The grind of wrestling year-round proved to be miserable at times for Luis Saucedo.
“You can’t live a normal life as a wrestler,” the 2016 Central Valley High School grad said. “You have to make so many sacrifices. There are so many challenges and hurdles you have to overcome. You have to watch what you eat. I’d be there with my family (on Thanksgiving and Christmas) but had to miss out on all the food because I had to cut weight. It was difficult seeing and smelling it. It messed with my head. It made me moody. I understand why I had to do it.”
Saucedo never lost sight of his goal, which was to earn an athletic scholarship to a four-year college.
He signed a national letter of intent with Simpson University in May.
“It’s a big accomplishment. I’m looking forward to seeing what I can achieve. If I give it my full effort, which I plan to do, I truly believe I can be a National qualifier and an All American.”Luis Saucedo
“It’s a big accomplishment,” Saucedo said. “I’m looking forward to seeing what I can achieve. If I give it my full effort, which I plan to do, I truly believe I can be a National qualifier and an All American. They’re going to help me reach those goals.”
Saucedo visited Simpson University, which is located in Redding, in May and December prior to committing.
“Out of the schools that were talking to me, they had the best offer,” said Saucedo, whose scholarship covers 80 percent of tuition and other fees. “It felt like it was a program that could help me grow as an individual and wrestler.”
Saucedo moved to Redding, which is located four hours north of Modesto, on Sept. 4.
The 2020-21 school year started with hybrid learning on Sept. 7.
Saucedo lives in the dorms on campus.
“Everyone is really nice and super helpful here,” he said.
The wrestling season is slated to begin in November.
Saucedo plans to compete in the 125-pound division.
“There are two other guys in the same weight class,” he said. “We’ll have a wrestle off for the starting spot. I have faith in my skills.”
“I rely on my speed and technique to compensate for my lack of physical strength,” Saucedo added. “That’s something I’m trying to improve on.”
Saucedo spent the 2019 season at Fresno City College.
He finished fourth with a 2-2 record while competing at 125 pounds at the Coast Conference Tournament. The Rams also won the team title. For the fourth year in a row and 17th time in program history, Fresno City College placed first at the CCCAA Wrestling State Championships.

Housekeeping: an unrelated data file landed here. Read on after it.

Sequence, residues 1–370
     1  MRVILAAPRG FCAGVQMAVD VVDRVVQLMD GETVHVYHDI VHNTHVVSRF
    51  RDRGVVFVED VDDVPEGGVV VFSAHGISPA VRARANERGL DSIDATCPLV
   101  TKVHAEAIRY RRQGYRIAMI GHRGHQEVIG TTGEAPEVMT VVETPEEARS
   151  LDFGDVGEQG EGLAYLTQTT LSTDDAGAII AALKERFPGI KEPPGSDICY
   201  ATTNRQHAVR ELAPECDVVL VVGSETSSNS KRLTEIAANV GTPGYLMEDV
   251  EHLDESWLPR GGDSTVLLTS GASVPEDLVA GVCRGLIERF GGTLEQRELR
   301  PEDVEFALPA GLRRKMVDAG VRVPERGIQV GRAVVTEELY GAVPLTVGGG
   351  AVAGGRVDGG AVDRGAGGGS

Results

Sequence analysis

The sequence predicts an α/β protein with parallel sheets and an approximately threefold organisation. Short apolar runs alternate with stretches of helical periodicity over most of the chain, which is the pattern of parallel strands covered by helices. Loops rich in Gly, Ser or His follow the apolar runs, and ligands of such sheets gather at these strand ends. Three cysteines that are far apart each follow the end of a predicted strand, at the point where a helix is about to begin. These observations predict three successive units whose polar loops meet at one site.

“I wanted to surround myself with talent,” Saucedo said. “Every individual in the room wanted to be a champion and trained like it. It rubbed off on me. I wasn’t a starter. He (coach Paul Keysaw) gave me an opportunity to wrestle at almost every tournament. He let me compete and showcase myself. He had faith in me. He opened this door for me. That’s something I’ll never forget.”
Saucedo followed in the footsteps of his older brother by becoming a wrestler.
Jorge Jr. competed at Modesto High School.
Father Jorge Sr. introduced Luis and Jorge Jr. to the sport.
“I was in the third grade when I watched my brother wrestle for the first time,” Saucedo said. “It looked so fun. That’s what intrigued me. I give a lot of credit to my dad. If it wasn’t for him, my brother wouldn’t have wrestled in high school and I wouldn’t have been able to see him compete. My bond with my dad is unbreakable because of wrestling. He’s been in my corner since day one.”
Saucedo was just seven years old when he joined the Ceres Hawks Wrestling Club.
He received instruction from Jorge Sr. and Mike Senseney.
Senseney also helped coach Saucedo at the high-school level.
Senseney passed away unexpectedly at the age of 50 on Aug. 29.
“When I heard the news, it really hurt me,” Saucedo said. “He was a big part of my life. He was important to me. He was important to all of us. He cared for us like we were his own kids. That’s why I truly love him as a coach and person. I’m definitely going to think about him every time I step on the mat. I’m going to make him proud.”
Saucedo would be lost without wrestling.
“I’ve grown up in the environment,” he said. “It’s my lifestyle. I don’t know what else I’d be doing. It’s molded me into a person that’s disciplined and has a lot of respect for the daily challenges of life. You have to respect the obstacles in front of you. If you don’t, you’re going to fall flat on your face.”
Luis joined rare company during his final season of wrestling at Central Valley High School.
Determined to make program history, Saucedo became just the second male Hawk grappler to qualify for the CIF State Meet.
The 113-pounder posted a 36-17 overall record, took sixth at the Sac-Joaquin Section Masters Championships, and won titles at the Division-IV and Western Athletic Conference tournaments.
Saucedo also helped Central Valley accomplish several firsts as a team, including winning titles at the Sac-Joaquin Section Division-IV Championships and Team Duals. The Hawks won their second straight WAC overall championship. Central Valley extended its unbeaten streak against conference-dual competition to 18 matches.
Luis went 33-15 his junior year.
He dropped two of three matches while failing to make it past the first day of the Masters tournament.
Luis also had to settle for runner-up honors at the Division-IV and WAC championships.